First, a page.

If you’ve been with us long enough, you know how we feel about visuals, and visual schedules. They are in important part of teaching new skills and for promoting independence.
Using a visual schedule helps to provide predictability and routine in lots of situations. Teaching a child to follow a visual schedule is a skill that will benefit him in school, at home, and in many other places.
How can we teach a child to follow a visual schedule?
Start with a Basic “First/Then” Schedule
One of the first skills we work on with students is the “first/then contingency” (see: Teaching Compliance with First/Then). Have the child engage in a less preferred activity in order to access a more preferred activity. This could be as simple as “First dinner, then computer time”. Using a visual like a “First/then board” provides a small visual schedule for the student to know what to expect.
Tip: We love recommending as app life “Choiceworks” for creating easy, individualized visual schedules!
Make it Doable and Not Overwhelming
As the child can tolerate more than one activity at a time, you’re going to begin extending the visual schedule. However, it’s important to remember not to make the schedule too overwhelming. For some students, seeing their entire day on a visual schedule is too much for them to process. In many cases, it’s better to chunk the day or the session into smaller time periods – for example, a visual schedule until lunch and then another one until the end of the day.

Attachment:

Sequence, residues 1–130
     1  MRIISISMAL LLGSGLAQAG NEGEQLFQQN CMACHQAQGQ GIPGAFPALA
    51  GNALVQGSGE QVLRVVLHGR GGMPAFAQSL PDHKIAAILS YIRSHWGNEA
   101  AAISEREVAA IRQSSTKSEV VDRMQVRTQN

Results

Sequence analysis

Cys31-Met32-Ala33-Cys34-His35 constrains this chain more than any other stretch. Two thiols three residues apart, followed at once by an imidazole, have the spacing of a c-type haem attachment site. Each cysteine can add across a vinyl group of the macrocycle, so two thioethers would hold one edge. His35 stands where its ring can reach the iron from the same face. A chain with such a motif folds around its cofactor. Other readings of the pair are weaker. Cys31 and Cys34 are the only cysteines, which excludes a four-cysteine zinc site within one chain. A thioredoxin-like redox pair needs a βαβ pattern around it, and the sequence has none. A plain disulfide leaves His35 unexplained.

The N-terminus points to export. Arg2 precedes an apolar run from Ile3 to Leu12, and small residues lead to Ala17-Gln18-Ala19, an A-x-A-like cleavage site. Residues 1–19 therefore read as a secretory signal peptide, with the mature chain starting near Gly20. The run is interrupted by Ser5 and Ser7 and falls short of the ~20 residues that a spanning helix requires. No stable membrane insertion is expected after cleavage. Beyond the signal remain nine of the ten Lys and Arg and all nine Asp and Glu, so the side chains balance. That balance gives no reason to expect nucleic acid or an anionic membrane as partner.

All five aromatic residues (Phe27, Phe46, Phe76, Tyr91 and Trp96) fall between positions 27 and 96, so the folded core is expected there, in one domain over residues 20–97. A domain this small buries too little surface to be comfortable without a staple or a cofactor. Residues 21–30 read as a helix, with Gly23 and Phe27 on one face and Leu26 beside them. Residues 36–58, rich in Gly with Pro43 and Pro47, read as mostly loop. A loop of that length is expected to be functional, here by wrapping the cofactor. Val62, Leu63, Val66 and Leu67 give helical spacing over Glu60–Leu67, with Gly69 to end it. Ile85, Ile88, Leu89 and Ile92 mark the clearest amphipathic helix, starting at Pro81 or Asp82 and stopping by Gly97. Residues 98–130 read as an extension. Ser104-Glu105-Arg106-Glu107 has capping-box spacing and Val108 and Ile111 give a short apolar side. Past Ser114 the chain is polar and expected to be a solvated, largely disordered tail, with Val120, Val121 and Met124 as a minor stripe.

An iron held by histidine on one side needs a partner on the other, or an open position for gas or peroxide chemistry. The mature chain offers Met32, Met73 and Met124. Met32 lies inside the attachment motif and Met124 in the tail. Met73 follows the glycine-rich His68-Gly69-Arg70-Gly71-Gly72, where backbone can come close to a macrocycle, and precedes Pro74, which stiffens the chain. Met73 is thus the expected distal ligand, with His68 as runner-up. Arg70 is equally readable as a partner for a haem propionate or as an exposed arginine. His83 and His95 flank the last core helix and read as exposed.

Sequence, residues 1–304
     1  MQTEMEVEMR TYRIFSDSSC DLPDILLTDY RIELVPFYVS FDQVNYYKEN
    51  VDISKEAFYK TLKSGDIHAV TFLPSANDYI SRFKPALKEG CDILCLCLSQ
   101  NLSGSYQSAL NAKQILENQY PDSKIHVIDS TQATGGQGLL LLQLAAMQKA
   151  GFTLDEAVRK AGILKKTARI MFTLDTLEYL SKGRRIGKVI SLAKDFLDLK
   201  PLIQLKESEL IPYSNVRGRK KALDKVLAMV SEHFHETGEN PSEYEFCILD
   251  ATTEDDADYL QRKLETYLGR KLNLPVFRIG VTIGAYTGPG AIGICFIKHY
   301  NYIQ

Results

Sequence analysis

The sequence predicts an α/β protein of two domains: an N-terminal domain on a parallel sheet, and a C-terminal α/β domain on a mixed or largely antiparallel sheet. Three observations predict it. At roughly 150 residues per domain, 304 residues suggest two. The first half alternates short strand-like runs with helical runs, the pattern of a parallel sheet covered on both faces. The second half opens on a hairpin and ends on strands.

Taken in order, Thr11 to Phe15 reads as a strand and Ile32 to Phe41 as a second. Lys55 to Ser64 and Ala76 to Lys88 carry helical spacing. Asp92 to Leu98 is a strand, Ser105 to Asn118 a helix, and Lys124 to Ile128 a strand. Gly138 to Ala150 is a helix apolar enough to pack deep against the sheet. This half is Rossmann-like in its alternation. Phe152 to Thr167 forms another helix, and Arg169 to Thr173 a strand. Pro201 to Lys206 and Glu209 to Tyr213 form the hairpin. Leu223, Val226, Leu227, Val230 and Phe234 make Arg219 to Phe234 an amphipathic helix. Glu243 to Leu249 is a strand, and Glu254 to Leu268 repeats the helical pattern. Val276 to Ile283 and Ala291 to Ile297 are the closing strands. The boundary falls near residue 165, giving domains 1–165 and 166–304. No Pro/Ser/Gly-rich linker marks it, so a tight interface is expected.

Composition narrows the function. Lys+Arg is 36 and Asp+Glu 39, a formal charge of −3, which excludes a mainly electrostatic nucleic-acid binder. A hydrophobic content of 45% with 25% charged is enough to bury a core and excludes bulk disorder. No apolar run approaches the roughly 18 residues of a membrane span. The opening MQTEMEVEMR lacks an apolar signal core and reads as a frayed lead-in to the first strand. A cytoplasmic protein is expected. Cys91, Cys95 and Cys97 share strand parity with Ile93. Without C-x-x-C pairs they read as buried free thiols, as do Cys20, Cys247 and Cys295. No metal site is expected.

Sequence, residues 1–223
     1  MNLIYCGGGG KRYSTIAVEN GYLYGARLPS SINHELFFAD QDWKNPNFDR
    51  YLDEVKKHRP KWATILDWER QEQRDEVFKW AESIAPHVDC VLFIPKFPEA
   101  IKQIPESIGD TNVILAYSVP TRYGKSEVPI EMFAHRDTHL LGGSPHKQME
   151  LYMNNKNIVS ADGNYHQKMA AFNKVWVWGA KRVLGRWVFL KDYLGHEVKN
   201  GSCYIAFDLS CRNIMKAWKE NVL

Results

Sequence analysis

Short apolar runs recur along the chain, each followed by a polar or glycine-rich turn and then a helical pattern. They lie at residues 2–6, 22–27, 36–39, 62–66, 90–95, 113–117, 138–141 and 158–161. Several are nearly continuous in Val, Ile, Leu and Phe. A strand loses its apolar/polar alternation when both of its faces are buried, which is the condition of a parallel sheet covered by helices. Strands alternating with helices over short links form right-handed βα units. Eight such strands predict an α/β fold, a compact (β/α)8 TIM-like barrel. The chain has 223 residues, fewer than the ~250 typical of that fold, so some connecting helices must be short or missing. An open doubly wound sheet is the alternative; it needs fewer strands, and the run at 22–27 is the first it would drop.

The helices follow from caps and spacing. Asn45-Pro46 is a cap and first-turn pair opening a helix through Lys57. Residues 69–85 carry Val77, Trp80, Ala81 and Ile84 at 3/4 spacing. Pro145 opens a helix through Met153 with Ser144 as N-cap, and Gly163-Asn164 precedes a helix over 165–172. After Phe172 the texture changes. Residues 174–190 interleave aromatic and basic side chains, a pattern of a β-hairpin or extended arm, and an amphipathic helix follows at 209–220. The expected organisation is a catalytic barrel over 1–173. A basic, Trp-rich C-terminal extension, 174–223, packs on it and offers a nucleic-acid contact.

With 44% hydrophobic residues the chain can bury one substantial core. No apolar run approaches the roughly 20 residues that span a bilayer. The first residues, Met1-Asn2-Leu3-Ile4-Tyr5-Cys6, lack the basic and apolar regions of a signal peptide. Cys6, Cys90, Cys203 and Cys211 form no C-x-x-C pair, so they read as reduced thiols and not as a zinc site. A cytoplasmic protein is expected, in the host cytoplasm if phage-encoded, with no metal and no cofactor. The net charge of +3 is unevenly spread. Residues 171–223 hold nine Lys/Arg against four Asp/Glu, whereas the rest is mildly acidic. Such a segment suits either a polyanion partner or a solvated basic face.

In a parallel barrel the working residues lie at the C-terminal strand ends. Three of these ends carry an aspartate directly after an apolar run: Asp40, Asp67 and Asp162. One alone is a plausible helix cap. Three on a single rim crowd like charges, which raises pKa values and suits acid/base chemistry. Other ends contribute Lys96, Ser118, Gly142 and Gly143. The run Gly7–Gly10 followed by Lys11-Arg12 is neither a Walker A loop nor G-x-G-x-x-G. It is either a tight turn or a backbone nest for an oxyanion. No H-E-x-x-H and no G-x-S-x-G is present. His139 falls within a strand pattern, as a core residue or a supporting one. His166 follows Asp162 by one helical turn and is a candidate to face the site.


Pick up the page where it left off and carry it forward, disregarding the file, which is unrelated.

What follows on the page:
Intersperse Preferred Activities with Less Preferred
Don’t only incorporate work tasks into the visual schedule. How would you feel if someone presented you with 10 difficult, non-preferred activities in a row? It’s a good idea to intersperse more preferred tasks with less preferred tasks. If you know that your student has a few “work” tasks in a row, put a more preferred activity into the schedule to break it up.
Following a visual schedule is an important skill in teaching independence. Use a visual schedule when teaching skills like Independent Activity Schedules, chores, or other independent work tasks. Remember to include reinforcement for following the schedule independently (i.e., without prompting throughout). If a child needs support or prompting, it should be a non-verbal prompt and ideally, from behind. Do your best NOT to embed yourself in the teaching. This will help them in learning life skills and job readiness skills.